TV Insights, Observations and Obsessions from the NYTVF
Check out our Q&A series with Fest Founder Terence Gray (and others), designed to provide submitting artists and TV fans with insight to the current development landscape. If you're thinking about submitting to the NYTVF, this is for you.
Insights from the intern bullpen
As part of our expanding intern program, we are looking into the backgrounds of the students and recent grads who help make the NYTVF run smoothly and will make up the next generation of televisionaries. For the first of these interviews, we asked Emily Damron, a California native pursuing a master's degree at Columbia University in New York City, to take us through her educational background (things she learned both behind a desk and in front of a screen), what she looks for in a successful pilot, and where she sees herself in the ever-expanding TV universe.
What is your educational background, both in the classroom and on television?
One year ago, a few short months after graduating magna cum laude from the University of Colorado Boulder, I landed in New York City to pursue a master’s degree in Film Studies at Columbia University. My lifelong love affair with film has often been pushed aside to make room for my burgeoning obsession with television and media. As someone who grew up without cable television, procedural dramas have been a staple of my viewing practices for years. From all three installments of the CSI franchise, Castle, Bones, and more, I still indulge in the time-honored structure of these broadcast network successes. But now my television watching tends toward cable fare – with the exception of The Good Wife – as I tune-in weekly for Orphan Black,Sons of Anarchy, and Game of Thrones.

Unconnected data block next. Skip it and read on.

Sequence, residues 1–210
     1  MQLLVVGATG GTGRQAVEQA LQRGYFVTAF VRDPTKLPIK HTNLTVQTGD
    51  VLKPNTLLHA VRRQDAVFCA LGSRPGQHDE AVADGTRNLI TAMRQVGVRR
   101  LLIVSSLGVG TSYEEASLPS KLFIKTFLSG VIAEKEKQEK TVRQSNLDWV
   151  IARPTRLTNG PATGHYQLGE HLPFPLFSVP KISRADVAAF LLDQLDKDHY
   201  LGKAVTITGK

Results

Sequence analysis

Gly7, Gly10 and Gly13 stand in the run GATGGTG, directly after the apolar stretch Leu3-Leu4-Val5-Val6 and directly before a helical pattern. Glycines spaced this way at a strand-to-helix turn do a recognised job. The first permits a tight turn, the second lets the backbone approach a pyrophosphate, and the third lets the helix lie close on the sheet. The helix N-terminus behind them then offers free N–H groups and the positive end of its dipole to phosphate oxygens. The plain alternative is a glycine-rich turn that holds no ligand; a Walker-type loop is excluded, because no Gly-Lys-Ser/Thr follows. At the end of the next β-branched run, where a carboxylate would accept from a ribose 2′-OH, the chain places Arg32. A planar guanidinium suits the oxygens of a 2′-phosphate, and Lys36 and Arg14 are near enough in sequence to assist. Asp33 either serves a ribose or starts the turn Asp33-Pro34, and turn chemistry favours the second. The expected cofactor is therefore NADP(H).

What makes a great television pilot (the first episode in the series)?
While my television preferences tend toward scripted dramas, the “perfect pilot” can be accomplished in any genre – including unscripted content. Setting is particularly significant in a pilot, as it can either be a fresh perspective on a constantly seen arena or a unique take on something not-often seen on TV. The pacing of scenes and movement of dialogue are also of the utmost importance in a pilot episode. The show’s structure should grab attention and hold that attention without seeming too sluggish or stunted. My own idea of a “perfect pilot” is encapsulated by The Good Wife premiere. Now there is a stunning opening sequence!
What are your career goals (near/long-term)?
With a background in critical film studies, I hope to move into a career involving critical film and television writing. With television delving into more “filmic” subject matter through shows like Fargo, the seeming divisions between film and television have dissolved somewhat. The ever-growing media landscape offers new pockets of delight for television lovers and film buffs alike.
What Emily's Reading:
TVLine’s “Ask Ausiello”
NY Mag’s Lilli Loofbourow: “Introducing TV’s Best Female Monster Yet”
Entertainment Weekly’s Darren Franich: “Community’ survives. Television dies?”
Check out previous downloads here:
Rory Covey of My Damn Channel's Honchos - 4/10/14 | Drama advice from Siobhan Byrne O'Connor - 4/3/14 | NYTVF Alum Danny Abrahms - 3/21/14 | Drama Advice - 3/13/14 | Advice from Chicago - 3/10/14 | Unscripted LA Panel - 2/25/14 | Drama Development - 2/20/14 | MSN Development - 2/12/14 | Casting - 2/5/14 | The Network Development Process - 1/29/14 | History Development - 1/15/14 | Comedy Formats - 3/18/13 | A&E Pipeline - 4/3/13| Fox Script Contest - 4/10/13 | From Film to TV - 5/17/13 | Lifetime Unscripted - 9/4/13